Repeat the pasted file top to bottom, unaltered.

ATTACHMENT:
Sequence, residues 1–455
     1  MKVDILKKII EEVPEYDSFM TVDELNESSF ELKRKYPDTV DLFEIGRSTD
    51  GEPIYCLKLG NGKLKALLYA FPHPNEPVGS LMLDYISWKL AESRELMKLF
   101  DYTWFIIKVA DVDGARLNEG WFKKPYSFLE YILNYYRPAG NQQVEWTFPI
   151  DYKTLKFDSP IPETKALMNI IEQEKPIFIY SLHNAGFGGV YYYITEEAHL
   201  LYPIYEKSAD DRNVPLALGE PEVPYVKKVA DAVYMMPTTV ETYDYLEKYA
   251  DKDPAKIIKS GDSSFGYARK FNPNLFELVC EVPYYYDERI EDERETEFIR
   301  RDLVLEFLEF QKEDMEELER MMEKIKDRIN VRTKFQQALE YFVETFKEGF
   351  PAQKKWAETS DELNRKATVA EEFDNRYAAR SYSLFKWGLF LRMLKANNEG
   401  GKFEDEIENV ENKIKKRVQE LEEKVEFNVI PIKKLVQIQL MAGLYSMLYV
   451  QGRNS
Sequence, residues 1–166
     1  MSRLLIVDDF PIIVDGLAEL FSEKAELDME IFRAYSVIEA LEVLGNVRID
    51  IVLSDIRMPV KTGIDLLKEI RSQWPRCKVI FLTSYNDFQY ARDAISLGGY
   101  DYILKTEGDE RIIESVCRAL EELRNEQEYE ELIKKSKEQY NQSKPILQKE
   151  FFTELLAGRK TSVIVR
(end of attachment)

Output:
Sequence, residues 1–455
     1  MKVDILKKII EEVPEYDSFM TVDELNESSF ELKRKYPDTV DLFEIGRSTD
    51  GEPIYCLKLG NGKLKALLYA FPHPNEPVGS LMLDYISWKL AESRELMKLF
   101  DYTWFIIKVA DVDGARLNEG WFKKPYSFLE YILNYYRPAG NQQVEWTFPI
   151  DYKTLKFDSP IPETKALMNI IEQEKPIFIY SLHNAGFGGV YYYITEEAHL
   201  LYPIYEKSAD DRNVPLALGE PEVPYVKKVA DAVYMMPTTV ETYDYLEKYA
   251  DKDPAKIIKS GDSSFGYARK FNPNLFELVC EVPYYYDERI EDERETEFIR
   301  RDLVLEFLEF QKEDMEELER MMEKIKDRIN VRTKFQQALE YFVETFKEGF
   351  PAQKKWAETS DELNRKATVA EEFDNRYAAR SYSLFKWGLF LRMLKANNEG
   401  GKFEDEIENV ENKIKKRVQE LEEKVEFNVI PIKKLVQIQL MAGLYSMLYV
   451  QGRNS
Sequence, residues 1–166
     1  MSRLLIVDDF PIIVDGLAEL FSEKAELDME IFRAYSVIEA LEVLGNVRID
    51  IVLSDIRMPV KTGIDLLKEI RSQWPRCKVI FLTSYNDFQY ARDAISLGGY
   101  DYILKTEGDE RIIESVCRAL EELRNEQEYE ELIKKSKEQY NQSKPILQKE
   151  FFTELLAGRK TSVIVR